Masset came on in the bottom of the 7th with a 1-run lead, 2 outs and 2 on. The first batter doubled, tying the game. Masset intentionally walked the next man, then let in the tiebreaker on a wild pitch, before recording his only out. The Reds went ahead in their next at-bat. Aroldis Chapman struck out all 3 in the 8th, and Francisco Cordero pitched the 9th for the save.
Rule 10.17(c) states:
The official scorer shall not credit as the winning pitcher a relief pitcher who is ineffective in a brief appearance, when at least one succeeding relief pitcher pitches effectively in helping his team maintain its lead. In such a case, the official scorer shall credit as the winning pitcher the succeeding relief pitcher who was most effective, in the judgment of the official scorer.
Rule 10.17(c) Comment: The official scorer generally should, but is not required to, consider the appearance of a relief pitcher to be ineffective and brief if such relief pitcher pitches less than one inning and allows two or more earned runs to score (even if such runs are charged to a previous pitcher). Rule 10.17(b) Comment provides guidance on choosing the winning pitcher from among several succeeding relief pitchers.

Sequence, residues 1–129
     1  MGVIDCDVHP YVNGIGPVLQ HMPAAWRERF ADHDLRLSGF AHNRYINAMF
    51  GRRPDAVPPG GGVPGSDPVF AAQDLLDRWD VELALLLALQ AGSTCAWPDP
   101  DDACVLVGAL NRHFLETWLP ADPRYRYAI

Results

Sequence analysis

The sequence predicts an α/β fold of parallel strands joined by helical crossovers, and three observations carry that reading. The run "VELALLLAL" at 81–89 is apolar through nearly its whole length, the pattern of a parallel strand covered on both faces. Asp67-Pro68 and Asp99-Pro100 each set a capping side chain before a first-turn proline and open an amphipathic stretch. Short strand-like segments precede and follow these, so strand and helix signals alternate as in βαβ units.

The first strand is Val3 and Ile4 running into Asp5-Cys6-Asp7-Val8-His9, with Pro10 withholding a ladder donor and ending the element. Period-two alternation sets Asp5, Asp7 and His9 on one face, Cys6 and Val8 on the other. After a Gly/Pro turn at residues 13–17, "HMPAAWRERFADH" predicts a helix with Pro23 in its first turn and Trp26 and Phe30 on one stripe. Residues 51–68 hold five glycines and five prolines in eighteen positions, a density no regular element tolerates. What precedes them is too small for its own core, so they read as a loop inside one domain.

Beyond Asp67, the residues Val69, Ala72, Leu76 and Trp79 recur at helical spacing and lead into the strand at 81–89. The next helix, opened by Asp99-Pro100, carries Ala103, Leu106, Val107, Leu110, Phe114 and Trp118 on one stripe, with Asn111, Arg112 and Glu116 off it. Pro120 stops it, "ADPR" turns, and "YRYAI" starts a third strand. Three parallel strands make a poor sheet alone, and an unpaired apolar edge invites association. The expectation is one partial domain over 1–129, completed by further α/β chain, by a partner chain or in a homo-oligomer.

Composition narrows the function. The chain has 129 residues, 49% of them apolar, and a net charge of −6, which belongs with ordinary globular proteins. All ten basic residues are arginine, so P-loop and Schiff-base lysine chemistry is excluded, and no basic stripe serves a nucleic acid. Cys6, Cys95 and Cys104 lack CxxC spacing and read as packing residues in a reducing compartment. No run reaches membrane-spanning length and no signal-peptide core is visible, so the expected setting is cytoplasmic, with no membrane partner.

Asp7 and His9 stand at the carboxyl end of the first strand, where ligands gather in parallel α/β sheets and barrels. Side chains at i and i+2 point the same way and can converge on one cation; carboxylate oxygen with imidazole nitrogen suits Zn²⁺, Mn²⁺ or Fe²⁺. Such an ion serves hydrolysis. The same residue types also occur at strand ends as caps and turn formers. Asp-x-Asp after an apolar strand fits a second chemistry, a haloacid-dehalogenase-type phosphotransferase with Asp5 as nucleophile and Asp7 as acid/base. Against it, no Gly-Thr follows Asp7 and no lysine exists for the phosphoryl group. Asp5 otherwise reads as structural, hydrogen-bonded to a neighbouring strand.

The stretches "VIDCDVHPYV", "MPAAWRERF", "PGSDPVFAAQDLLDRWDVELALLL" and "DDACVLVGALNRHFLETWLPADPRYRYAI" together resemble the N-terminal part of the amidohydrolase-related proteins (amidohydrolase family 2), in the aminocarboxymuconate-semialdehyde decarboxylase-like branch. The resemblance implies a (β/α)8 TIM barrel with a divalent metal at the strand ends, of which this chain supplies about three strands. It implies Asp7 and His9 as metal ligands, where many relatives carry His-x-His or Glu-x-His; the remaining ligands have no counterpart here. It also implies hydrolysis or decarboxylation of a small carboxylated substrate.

Doesn't Masset's performance clearly meet the standard of "ineffective in a brief appearance"? He got just 1 out, put 2 runners on, and his wild pitch scored the go-ahead run. It fits the Rule 10.17(c) Comment perfectly.
In my opinion, the win must go to Chapman. The integrity of the meaningless relief-win statistics must be upheld!
What do you say?
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